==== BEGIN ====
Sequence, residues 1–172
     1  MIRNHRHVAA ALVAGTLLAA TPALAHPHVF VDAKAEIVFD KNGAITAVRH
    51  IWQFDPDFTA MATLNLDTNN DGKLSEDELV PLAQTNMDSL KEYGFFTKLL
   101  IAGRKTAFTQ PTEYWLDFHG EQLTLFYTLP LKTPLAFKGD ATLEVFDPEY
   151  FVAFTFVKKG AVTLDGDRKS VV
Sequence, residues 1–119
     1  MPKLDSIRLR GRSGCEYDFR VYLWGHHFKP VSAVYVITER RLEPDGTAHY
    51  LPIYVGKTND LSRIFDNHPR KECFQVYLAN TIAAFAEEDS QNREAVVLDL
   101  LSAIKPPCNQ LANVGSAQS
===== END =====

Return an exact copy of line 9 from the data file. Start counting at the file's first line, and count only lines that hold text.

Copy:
   101  LSAIKPPCNQ LANVGSAQS